Couples, however, fed off the energy of the fans and produced rounds of 68-69-68. Sunday the winds picked up again, making it a grueling day. Knost briefly tied for the lead with Couples at 12 under, then Holmes birdied 10, 11 and 12 to get to 11 under, tied with Casey and Couples after Knost made double on the fifth. Other players seemingly out of contention—Tommy Armour III (who suffered a quadruple bogey on 18 in the morning), Ogilvy (who made birdies in bunches but couldn't avoid disaster all week) and Lucas Glover (who was so far back that he started on the back nine)—were all within shouting distance, as was Hunter Mahan, who at one point got to 10 under after starting the round four under.
As with Augusta, however, Redstone's Tournament course comes armed with a number of holes that offer big-number trouble and most of those promising rounds went to heck in a headcover. Couples, though, held firm, re-taking the lead at 12 under after knocking it stiff from 108 yards on the 10th hole. Holmes—who reached the 608-yard 15th with a 296-yard shot from the rough for a two-putt birdie—got to the clubhouse at 11 under after weekend rounds of 68-69 while Casey, after a bad bogey on the 11th, stood 10 under.
Casey brushed off that bogey like lint from a jacket and bounced back with a birdie 3 from 10 feet on the 12th and then another at the par-5 13th. This tied him with Couples, who had four-plus hours of excellence marred by three holes of angst. A yippy stroke on a six-foot par putt on the 16th started the descent and, finally out of gas, continued with bogeys on 17 and 18 for a 74 that left him at nine under.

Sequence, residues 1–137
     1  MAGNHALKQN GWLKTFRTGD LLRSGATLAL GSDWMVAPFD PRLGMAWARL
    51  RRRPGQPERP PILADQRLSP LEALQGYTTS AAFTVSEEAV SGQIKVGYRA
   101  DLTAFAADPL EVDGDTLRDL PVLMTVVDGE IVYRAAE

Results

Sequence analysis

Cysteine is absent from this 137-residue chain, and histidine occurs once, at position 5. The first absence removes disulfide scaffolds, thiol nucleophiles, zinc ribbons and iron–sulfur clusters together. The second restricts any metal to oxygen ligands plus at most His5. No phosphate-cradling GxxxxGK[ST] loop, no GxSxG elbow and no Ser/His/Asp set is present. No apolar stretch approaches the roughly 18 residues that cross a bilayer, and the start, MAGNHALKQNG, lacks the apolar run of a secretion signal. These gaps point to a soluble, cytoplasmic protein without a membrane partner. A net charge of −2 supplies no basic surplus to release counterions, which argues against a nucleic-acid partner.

At 14 Casey made a crucial bunker save with a shot to 10 feet, 7 inches and, proving the work with Kostis was taking hold, a putt right in the heart to stay one up. Pars on the next three brought him to the home hole, where another par would have won outright. But like so many others before him—the 18th, played into the teeth of a brutish wind, produced a stroke average of more than 5 on the day—Casey, playing his 28th hole Sunday, made bogey. This left Casey knotted with Holmes at 11-under 277, resulting in the 20th playoff in Houston Open history.
Back to the 18th tee. After waiting around for two hours and 40 minutes, Holmes hit first and hooked his tee shot into the water. Casey took advantage by playing the hole safely, and his
bogey 5 was good enough to win. Holmes, meanwhile, not only lost the tournament, but an invitation to the
Masters, a fact that did not sit well with the long-hitting Kentuckian.
"It's frustrating how I've missed [chances to qualify] about three or four times," said Holmes. "Just frustrating all around. It's my favorite major. That hurts a little bit. I've had my chances and just didn't pull them off."
Nor did Casey pull off his win the way he wanted it.
"Fairly anticlimactic, wasn't it?" said Casey. "I was sort of wanting a fist-pump or a jump in the air. Couldn't really do that with a tap-in."
No, he couldn't. But what he could do was hop on a private plane for the first time all year and head to Augusta, fully confident that he now belongs in the game's elite. All while giving those legs that helped him so dearly a well-deserved rest.